| So, the PA-12 special election is tomorrow, occurring in the Kerry-McCain district. Ironically, despite the failure of the Pennsylvania dummymander (the GOP having lost the 3rd, 4th,
|6th, 7th, 8th, AND 10th since the 2002 remap and 2004 readjustment), this is yet another district where the GOP's intentions fell significantly short.
It's no secret that the 12th is quite the gerrymander, winding its way from Greene and Fayette County in the Southwest, through Washington County, with an arm through Somerset County, a large section of Johnstown and Cambria County (site of John Murtha Johnstown-Cambria County Airport, no less), another arm to pick up the college town of Indiana, three distinct sections of Allegheny and Westmoreland counties each (!!), and part of Armstrong County.
The 12th, however, is somewhat ancestrally Democratic - this was Joe Hoeffel's 4th best district in 2004, and turned out strong for Bob Casey. If you average the four federal statewide races since 2004 (Kerry v. Bush, Hoeffel v. Specter, Casey v. Santorum, and Obama v. McCain), the district's returned on average a Democratic performance of 51.3% to 46.2%.
We can visualize this as follows (click on images for larger versions):
The Democratic strength is concentrated in the southern bulb around Washington and along the Monongahela River south of Pittsburgh, as well as in Johnstown. Of course, connecting the two areas does require passing through some significantly Republican areas.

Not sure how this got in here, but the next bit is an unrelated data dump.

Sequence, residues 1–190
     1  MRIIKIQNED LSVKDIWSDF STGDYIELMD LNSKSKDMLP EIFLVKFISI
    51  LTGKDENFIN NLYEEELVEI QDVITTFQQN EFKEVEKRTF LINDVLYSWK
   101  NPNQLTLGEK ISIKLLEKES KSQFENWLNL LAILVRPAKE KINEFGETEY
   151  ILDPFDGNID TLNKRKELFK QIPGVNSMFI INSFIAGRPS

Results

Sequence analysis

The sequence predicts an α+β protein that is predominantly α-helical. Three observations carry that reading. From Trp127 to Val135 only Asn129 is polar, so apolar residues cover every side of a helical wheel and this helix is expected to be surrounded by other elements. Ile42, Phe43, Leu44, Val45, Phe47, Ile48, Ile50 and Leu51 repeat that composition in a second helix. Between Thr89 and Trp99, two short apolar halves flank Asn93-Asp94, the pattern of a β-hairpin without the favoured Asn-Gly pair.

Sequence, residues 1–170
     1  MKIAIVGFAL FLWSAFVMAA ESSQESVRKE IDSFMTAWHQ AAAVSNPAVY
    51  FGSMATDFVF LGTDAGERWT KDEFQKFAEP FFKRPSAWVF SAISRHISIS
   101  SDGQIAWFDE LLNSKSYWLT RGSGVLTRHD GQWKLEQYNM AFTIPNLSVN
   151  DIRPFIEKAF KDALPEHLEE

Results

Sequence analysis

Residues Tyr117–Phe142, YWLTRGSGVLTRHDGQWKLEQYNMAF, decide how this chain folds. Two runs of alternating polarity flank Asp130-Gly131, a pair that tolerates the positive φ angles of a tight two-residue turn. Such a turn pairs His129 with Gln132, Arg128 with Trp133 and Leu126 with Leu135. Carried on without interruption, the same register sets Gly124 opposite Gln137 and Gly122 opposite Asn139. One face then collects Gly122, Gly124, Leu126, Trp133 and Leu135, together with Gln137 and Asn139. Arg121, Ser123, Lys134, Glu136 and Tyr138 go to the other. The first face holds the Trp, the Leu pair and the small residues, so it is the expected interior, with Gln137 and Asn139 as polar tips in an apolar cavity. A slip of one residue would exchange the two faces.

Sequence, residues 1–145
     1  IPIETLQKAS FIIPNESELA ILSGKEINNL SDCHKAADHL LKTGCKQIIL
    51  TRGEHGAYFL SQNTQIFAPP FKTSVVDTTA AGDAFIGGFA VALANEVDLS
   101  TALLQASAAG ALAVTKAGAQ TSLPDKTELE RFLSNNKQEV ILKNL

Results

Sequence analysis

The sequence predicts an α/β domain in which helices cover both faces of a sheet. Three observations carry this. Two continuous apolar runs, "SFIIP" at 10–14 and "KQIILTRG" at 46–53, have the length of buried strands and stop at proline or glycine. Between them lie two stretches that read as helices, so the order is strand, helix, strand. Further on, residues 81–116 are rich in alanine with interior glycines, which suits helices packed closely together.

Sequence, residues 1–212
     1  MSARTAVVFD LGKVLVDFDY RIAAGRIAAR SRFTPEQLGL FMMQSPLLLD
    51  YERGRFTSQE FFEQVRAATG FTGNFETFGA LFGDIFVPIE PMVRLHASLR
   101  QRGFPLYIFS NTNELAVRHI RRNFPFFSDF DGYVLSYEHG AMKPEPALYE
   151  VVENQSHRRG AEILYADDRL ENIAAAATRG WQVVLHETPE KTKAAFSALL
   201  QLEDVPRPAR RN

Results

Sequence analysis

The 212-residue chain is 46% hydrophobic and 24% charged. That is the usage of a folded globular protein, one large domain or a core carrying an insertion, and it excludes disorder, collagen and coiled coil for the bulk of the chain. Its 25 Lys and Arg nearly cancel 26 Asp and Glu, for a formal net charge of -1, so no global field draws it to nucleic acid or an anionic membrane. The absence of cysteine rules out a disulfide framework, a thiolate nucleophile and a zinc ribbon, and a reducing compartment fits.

At risk of falling victim to the "Republican Heartland" fallacy, playing around with my new GIS toys, we can pull some NYT-style map goodness, with graduated circles:
In this map, the sheer Democratic dominance of Johnstown and the Monongahela River towns becomes even more evident.
So what does this all mean for tomorrow? Critz needs to do well in Murtha's old base in Cambria County, and hopefully stanch some of the Democratic bleeding in the southwestern half of the district.
As with Martha Coakley and Scott Brown, I also made an election-night model to predict results as they come in last night. It uses the similar uniform-swing assumptions (as compared to the 2004-2008 Democratic average) and accounts for possible variation within a given jurisdiction (this is necessary since counties here are much larger than towns in Massachusetts). I'm still fine-tuning the specifics, but expect that online sometime tomorrow afternoon!